Lecturers all teach differently – here are some tips to help navigate your study when there is so much variation in how you are being taught.

Look at the learning outcomes for each module, these should tell you what you should be able to do, if you successfully complete all the work that is required (including lots of self-study and practice). Use these as your guide and test yourself against them from time to time!


Six Basic Types of Learning:

1. Acquisition

Learning through acquisition is learning through listening.

Example: listening to a lecture/podcast, reading from books/websites and watching demos/videos

2. Discussion

Learning through discussion requires the learner to articulate their ideas and questions, and to challenge and respond to the ideas and questions from their teacher and/or peers

Example: Attending online seminars, engaging in emails and/or discussion forums, and utalising webconfrencing tools

3. Investigation

Learning through investigation guides the learner to explore, compare and critique texts, documents and resources that reflect the concepts and ideas being taught

Example: Comparing texts, using digital tools for analysis

4. Collaboration

Learning through collaboration embraces discussion, practice and production, building on investigation and acquisition through taking part in the process of knowledge-building itself

Example: Group projects, through online forums and chats, to discuss others’ outputs, Building joint output

5. Practice

Learning through practice enables learners to adapt their actions to the task goal, and use the feedback to improve their future action (feedback may be through self-reflection, peers, teachers or the activity itself)

Example: Using models, simulations, virtual labs and field trips, online role play activities

6. Production

Learning through production is the way the teacher motivates the learner to consolidate what they have learnt by articulating their conceptual understanding and how they use it in practice

Example: Producing documents, representations of designs, models , animations, slideshows, blogs, e-portfolios, photos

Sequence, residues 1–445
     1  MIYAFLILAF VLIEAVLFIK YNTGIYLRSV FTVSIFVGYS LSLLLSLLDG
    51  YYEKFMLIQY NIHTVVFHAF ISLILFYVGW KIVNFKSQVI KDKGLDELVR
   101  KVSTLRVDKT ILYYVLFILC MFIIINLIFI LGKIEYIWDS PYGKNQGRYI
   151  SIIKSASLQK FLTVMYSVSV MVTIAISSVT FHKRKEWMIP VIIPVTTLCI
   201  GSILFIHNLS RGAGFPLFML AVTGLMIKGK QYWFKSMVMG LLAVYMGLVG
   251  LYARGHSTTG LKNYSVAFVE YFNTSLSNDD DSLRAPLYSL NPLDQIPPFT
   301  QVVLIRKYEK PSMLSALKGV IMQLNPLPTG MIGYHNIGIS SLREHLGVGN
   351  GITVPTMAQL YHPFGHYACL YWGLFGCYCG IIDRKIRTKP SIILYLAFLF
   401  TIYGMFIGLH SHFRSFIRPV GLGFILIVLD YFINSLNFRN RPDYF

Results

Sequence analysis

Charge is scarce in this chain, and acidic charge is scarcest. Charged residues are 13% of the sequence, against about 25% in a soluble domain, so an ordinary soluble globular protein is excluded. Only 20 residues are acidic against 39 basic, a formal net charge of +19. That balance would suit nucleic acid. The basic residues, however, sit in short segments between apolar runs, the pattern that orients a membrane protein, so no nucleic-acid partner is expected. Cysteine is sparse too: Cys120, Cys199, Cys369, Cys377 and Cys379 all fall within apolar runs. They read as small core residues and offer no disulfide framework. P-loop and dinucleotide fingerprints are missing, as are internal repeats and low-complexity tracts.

Participation in class

Lecturers often try to make things as engaging as possible, and sometimes do this through discussion in class, polling, breakout groups and other activities. If these are being used in your classes, please try and engage with them as much as possible. It will help your learning, and the lecturer may have put a lot of thought into them.


There are techniques which are handy for taking good quality lecture notes which you might find helpful. Cornell Notes is a good system and you can learn more about it here.


Even if the main focus is on lecture presentations (or videos, or readings) what you can try to do is map out the ideas raised in the lecture, or summarise the key points and note anything that you feel you don't quite understand so that you can look it up, or ask for help in a tutorial or by contacting the lecturer.

Drawing up a mnd map can be a great revision-tool. Some students get really creative with these and use lots of colours and doodles - but even just jotting down the main points/words/equations and showing how they link with each other is effective.

These can be drawn on paper or digitally. MindGenius is a software package which is free to all NUI Galway students and staff. You can obtain it here.


Presentations are always nerve-wracking the first time, but a bit of practice can help. PowerPoint for the Web (the online version of Office 365 you access in your browser) has a tool called Presenter Coach. This gives you live and personallised feedback on a practice run through your presentation.